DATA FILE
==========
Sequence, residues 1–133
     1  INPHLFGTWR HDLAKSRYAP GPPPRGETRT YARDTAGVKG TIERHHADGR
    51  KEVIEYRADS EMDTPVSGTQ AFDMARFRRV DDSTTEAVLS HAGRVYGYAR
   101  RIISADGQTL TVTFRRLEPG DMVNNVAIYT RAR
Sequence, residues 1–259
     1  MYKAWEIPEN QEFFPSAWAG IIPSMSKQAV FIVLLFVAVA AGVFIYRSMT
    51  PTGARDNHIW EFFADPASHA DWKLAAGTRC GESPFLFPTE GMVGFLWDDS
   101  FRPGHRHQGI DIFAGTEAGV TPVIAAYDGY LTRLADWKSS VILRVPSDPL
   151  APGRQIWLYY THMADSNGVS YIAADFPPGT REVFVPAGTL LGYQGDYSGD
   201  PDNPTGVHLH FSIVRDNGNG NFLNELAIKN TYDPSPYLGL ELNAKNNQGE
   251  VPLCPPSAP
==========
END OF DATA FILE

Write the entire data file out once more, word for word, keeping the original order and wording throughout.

Sequence, residues 1–133
     1  INPHLFGTWR HDLAKSRYAP GPPPRGETRT YARDTAGVKG TIERHHADGR
    51  KEVIEYRADS EMDTPVSGTQ AFDMARFRRV DDSTTEAVLS HAGRVYGYAR
   101  RIISADGQTL TVTFRRLEPG DMVNNVAIYT RAR
Sequence, residues 1–259
     1  MYKAWEIPEN QEFFPSAWAG IIPSMSKQAV FIVLLFVAVA AGVFIYRSMT
    51  PTGARDNHIW EFFADPASHA DWKLAAGTRC GESPFLFPTE GMVGFLWDDS
   101  FRPGHRHQGI DIFAGTEAGV TPVIAAYDGY LTRLADWKSS VILRVPSDPL
   151  APGRQIWLYY THMADSNGVS YIAADFPPGT REVFVPAGTL LGYQGDYSGD
   201  PDNPTGVHLH FSIVRDNGNG NFLNELAIKN TYDPSPYLGL ELNAKNNQGE
   251  VPLCPPSAP